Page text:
and Saturday, 9 a.m. to noon.
609-586-4800, ext. 3589. "The Faculty," paintings by Mel Leipzig
of his MCCC colleagues. Gallery talk October 30 at 12:15 p.m., for
the show that runs to November 7. Free.
New Brunswick, 732-932-2222. "Flying Colors Take Wing," a
show by A.R.T. featuring 100 paintings by physically-challenged artists.
The exhibition coincides with the launch of the book "Flying Colors"
by A.R.T. founder and director Tim Lefens (Beacon Press) which celebrates
the artists, and the revolutionary techniques that enable people with
the most severe physical challenges to express themselves creatively.
Gallery open Monday to Friday, 10 a.m. to 4 p.m. To October 31.
Library Place, 609-497-7990. "Mountain Tops," an exhibition
of miniature landscape sculptures of natural stones and sand by William
Brower, poet, sculptor, and seminary faculty member emeritus. Monday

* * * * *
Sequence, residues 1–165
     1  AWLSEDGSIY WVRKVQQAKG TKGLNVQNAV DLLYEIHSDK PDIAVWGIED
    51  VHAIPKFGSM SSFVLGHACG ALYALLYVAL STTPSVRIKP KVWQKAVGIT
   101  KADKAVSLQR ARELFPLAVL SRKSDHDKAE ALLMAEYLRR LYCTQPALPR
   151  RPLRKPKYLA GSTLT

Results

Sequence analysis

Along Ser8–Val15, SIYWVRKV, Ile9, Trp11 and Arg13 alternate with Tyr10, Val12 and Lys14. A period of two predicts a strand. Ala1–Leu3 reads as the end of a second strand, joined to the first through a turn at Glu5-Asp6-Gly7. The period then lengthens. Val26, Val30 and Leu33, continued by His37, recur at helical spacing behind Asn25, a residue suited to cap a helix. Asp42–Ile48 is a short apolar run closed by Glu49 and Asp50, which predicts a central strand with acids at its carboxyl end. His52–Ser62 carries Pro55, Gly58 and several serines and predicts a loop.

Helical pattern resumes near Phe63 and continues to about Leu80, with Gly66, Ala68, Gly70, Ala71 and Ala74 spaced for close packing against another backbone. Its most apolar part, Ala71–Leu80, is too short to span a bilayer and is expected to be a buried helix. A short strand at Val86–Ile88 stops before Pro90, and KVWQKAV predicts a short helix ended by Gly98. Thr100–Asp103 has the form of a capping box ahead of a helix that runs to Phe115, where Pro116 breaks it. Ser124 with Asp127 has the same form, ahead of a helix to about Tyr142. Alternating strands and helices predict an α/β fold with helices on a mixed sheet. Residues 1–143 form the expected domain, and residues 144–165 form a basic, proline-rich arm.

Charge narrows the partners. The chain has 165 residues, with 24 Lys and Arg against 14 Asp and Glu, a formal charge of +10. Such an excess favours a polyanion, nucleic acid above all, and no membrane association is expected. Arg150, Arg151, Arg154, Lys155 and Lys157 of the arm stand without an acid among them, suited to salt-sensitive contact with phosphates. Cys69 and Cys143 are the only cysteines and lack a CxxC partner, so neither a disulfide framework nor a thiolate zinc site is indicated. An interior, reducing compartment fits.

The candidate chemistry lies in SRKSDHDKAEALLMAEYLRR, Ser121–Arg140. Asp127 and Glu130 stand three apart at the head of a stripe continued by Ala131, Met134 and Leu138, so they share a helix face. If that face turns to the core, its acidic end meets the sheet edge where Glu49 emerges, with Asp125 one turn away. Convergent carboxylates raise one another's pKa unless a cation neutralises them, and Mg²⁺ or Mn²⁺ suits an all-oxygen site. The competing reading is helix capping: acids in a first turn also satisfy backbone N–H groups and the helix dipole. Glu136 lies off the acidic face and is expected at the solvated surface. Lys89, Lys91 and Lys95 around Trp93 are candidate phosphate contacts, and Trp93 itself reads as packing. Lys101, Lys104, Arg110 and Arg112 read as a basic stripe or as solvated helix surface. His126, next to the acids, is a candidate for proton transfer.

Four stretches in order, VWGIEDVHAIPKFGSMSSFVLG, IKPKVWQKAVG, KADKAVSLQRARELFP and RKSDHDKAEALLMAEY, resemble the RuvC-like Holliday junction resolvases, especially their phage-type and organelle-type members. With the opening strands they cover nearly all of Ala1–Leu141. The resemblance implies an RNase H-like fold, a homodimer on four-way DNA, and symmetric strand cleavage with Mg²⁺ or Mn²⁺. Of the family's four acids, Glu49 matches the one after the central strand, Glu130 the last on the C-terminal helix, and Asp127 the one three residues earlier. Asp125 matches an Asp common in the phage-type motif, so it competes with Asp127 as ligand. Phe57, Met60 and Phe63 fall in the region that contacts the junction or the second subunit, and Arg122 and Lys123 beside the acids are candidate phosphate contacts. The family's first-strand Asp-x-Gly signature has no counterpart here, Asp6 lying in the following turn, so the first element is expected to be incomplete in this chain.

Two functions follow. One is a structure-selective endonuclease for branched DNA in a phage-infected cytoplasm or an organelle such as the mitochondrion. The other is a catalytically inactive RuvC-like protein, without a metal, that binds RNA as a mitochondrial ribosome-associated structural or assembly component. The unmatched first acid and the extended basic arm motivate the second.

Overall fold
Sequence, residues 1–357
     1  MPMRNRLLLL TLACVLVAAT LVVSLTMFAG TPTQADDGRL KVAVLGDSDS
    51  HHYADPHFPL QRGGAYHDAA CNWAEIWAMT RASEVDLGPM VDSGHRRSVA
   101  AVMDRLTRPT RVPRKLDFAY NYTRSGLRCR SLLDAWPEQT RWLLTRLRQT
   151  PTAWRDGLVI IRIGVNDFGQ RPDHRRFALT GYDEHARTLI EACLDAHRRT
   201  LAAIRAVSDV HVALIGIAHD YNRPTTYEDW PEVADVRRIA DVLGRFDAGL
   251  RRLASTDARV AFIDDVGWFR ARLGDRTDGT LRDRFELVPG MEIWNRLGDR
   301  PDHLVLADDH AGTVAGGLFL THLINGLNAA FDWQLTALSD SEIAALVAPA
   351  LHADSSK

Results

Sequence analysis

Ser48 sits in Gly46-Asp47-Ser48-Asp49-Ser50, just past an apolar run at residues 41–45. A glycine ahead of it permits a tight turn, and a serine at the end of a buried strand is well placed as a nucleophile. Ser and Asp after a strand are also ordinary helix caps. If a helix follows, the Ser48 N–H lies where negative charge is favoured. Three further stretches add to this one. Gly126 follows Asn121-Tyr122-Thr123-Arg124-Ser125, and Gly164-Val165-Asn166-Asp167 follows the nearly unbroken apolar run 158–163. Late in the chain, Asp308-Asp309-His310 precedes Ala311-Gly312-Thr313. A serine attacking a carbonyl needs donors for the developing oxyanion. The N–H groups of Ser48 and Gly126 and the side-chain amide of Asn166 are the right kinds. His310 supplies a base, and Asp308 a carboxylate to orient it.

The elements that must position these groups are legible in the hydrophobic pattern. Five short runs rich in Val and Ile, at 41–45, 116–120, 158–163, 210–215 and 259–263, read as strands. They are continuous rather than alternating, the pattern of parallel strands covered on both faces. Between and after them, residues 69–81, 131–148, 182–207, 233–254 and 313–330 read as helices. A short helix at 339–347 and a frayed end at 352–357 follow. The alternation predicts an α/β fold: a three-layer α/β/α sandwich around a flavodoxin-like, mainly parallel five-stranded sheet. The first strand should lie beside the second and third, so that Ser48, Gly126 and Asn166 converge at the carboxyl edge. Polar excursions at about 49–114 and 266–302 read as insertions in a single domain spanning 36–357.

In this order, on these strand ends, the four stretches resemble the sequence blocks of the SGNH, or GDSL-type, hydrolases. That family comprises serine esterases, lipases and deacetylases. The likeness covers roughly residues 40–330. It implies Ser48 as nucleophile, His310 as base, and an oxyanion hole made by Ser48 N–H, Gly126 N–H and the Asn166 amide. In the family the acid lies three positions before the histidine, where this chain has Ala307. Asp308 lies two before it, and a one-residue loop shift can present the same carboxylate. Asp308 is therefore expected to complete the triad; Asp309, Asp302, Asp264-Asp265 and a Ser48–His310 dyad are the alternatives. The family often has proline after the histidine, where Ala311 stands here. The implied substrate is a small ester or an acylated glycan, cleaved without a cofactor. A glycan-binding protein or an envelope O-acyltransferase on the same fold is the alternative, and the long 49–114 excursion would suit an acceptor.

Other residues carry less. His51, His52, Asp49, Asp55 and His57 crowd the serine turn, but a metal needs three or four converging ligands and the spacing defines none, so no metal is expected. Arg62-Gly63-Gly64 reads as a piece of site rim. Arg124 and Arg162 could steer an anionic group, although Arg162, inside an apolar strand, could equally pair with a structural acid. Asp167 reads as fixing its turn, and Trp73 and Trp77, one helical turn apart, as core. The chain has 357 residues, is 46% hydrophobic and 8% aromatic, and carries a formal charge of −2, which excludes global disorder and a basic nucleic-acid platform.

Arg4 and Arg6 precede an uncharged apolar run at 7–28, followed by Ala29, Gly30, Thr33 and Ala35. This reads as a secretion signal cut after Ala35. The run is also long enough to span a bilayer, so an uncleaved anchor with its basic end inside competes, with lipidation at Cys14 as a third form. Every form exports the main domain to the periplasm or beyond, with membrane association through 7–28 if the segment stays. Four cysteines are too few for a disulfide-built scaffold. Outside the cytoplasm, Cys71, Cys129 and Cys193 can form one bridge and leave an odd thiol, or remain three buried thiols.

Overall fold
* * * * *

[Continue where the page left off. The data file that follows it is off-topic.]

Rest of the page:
to Saturday, 8:30 a.m. to 4:30 p.m.; Sunday 2 to 8 p.m. To November
Brunswick, 732-932-7237. Exhibitions include: "Sonia Delaunay:
La Moderne," celebrating the accomplishments of the key figure
(1885 to 1979) in the development of 20th-century abstraction; to
Also "Yurii Dyshlenko: Abstraction, Modernity, and Mass Media;"
to January 12. "The National Association of Women Artists Collection
at Rutgers," to December 8. "Identity and Resistance: Abstract
Painting from the Dodge Collection," to November 17. "Ben
Shahn: The Rilke Portfolio," to December 31. "Keeping Up Appearances:
Fashion in 19th Century France," to November 7. Museum hours are
Tuesday through Friday, 10 a.m. to 4:30 p.m.; Saturday and Sunday,
noon to 5 p.m. Spotlight tours every Sunday at 2 and 3 p.m. Admission
$3 adults; under 18 free; and free on the first Sunday of every month.
609-397-0275. "Prints, Paintings and Progression," group exhibit
by 12 students of Susan Roseman and James Feehan. Exibitors include